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|Studio album by The Mothers of Invention|
|Released||May 26, 1967|
|Recorded||November 15–18, 1966|
|Studio||Sunset-Highland Studios of TTG|
|Genre||Rock, experimental, psychedelic rock, doo-wop, avant-pop|
|Frank Zappa chronology|
|The Mothers of Invention chronology|
|Singles from Absolutely Free|
|The Village Voice||B–|
Absolutely Free is the second studio album by the American rock band the Mothers of Invention, led by Frank Zappa, released in 1967. Absolutely Free is, again, a display of complex musical composition with political and social satire. The band had been augmented since Freak Out! by the addition of woodwinds player Bunk Gardner, keyboardist Don Preston, rhythm guitarist Jim Fielder and drummer Billy Mundi. Fielder quit the group before the album was released and his name was removed from the album credits.
This album's emphasis is on interconnected movements, as each side of the original vinyl LP comprises a mini-suite. It also features one of the most famous songs of Zappa's early career, "Brown Shoes Don't Make It", a track which has been described as a "condensed two-hour musical".[attribution needed]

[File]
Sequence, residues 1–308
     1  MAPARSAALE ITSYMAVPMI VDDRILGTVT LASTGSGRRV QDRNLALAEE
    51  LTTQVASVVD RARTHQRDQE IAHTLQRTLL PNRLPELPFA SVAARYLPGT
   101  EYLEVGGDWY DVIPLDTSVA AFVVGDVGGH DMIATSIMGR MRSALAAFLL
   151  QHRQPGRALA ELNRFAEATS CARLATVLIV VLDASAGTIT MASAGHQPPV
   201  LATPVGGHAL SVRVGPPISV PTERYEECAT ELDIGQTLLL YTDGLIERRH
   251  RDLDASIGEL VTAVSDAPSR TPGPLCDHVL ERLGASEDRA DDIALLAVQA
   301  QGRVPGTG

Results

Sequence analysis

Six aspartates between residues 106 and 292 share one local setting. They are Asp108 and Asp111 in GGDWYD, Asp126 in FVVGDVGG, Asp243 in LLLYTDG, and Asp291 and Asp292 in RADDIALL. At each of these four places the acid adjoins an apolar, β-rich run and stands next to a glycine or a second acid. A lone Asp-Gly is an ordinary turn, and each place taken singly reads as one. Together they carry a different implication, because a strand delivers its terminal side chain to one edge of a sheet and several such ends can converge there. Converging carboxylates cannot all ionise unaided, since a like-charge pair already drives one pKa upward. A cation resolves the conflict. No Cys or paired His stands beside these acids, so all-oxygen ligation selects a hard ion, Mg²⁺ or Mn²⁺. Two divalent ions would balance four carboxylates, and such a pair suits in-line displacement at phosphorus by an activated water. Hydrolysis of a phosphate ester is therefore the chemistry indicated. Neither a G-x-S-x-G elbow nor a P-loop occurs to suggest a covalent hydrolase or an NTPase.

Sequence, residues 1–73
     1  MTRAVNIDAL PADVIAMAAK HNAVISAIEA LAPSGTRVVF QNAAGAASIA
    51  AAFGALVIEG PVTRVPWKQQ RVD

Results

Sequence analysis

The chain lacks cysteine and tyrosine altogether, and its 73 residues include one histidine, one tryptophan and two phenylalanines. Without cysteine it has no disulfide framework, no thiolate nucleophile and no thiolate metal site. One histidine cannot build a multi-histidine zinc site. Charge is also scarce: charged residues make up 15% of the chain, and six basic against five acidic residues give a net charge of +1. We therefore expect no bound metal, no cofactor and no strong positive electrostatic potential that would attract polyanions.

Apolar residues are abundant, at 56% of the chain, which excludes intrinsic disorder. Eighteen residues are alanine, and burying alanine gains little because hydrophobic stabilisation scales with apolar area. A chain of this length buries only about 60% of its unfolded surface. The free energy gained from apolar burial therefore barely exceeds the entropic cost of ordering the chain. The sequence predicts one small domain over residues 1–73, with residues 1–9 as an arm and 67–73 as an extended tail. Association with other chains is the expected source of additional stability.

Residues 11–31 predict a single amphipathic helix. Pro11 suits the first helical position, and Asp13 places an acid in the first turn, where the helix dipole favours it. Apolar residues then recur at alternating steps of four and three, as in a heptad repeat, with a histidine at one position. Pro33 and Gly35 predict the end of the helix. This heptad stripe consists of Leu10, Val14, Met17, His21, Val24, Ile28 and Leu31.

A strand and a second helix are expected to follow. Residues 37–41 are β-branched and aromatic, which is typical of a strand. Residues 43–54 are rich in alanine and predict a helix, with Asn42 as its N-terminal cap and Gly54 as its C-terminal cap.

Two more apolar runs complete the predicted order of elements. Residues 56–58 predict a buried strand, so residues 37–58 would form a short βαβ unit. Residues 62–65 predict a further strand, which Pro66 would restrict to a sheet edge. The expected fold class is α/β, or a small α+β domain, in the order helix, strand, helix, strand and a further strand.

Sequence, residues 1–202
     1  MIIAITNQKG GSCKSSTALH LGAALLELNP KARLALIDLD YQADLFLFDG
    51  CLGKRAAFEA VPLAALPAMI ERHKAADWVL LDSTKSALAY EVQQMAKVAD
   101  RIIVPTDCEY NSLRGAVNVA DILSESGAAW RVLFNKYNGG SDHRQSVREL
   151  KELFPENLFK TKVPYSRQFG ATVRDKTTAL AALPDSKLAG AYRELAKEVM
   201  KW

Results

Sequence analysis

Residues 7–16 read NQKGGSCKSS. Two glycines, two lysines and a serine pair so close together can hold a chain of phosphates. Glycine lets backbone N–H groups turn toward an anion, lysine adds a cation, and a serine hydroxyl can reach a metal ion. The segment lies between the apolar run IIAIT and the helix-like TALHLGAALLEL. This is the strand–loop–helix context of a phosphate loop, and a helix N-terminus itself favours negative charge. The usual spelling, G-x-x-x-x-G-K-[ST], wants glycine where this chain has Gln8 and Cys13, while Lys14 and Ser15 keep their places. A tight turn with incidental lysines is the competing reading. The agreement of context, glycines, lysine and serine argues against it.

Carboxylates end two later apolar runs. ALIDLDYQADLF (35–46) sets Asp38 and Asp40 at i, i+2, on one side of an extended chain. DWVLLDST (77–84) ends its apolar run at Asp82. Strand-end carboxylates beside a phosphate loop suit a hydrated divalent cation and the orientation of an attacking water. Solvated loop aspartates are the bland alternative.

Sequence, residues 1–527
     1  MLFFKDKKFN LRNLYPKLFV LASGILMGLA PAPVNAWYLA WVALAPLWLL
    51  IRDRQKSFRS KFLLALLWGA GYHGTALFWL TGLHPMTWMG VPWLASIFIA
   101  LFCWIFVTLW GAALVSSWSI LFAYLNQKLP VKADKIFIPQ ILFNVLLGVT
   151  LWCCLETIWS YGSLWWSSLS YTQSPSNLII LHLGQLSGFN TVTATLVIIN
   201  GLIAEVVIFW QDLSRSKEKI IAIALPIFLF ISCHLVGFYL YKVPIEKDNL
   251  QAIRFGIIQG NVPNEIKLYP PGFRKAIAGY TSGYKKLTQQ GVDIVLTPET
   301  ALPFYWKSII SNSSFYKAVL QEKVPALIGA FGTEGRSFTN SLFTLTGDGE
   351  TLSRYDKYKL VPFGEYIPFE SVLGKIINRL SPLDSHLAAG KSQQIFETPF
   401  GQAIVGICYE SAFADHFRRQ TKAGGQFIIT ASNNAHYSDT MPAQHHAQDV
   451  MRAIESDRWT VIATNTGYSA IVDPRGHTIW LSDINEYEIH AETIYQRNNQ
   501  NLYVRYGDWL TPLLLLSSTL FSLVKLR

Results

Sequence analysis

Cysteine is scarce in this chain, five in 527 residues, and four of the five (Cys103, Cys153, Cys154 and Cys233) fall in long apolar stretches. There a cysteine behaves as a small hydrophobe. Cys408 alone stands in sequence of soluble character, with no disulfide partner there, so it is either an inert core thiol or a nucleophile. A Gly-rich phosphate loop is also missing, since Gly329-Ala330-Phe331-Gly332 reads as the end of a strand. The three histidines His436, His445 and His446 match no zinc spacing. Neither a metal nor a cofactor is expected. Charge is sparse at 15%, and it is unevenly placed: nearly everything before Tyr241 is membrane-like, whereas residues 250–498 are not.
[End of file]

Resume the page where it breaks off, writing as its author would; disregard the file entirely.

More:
The CD reissue adds a single that the Mothers released at the time between side one and side two. It features the songs "Why Dontcha Do Me Right?" (titled "Why Don't You Do Me Right" on the 45) and "Big Leg Emma", both described as "an attempt to make dumb music to appeal to dumb teenagers". These were a rare Verve single.
The UK-67 release (Verve VLP/SVLP 9174) came in a laminated flip-back cover, with a Mike Raven poem at the reverse that was not on any other issue.
In 2007, the Lagunitas Brewing Company put out an India pale ale named Kill Ugly Radio, featuring the inside art from the album on the label, one in a series of beers planned to be released on the 40th anniversary of each of Zappa's studio albums.
"Plastic People" begins with a mock introduction of the President of the United States, who (along with his wife) can only recite the opening notes to "Louie, Louie". "Louie, Louie" is often interpolated in Zappa's compositions (other examples appear in the Uncle Meat and Yellow Shark albums, among others), and when Zappa first began performing "Plastic People" around 1965, the words were set to the tune of "Louie, Louie".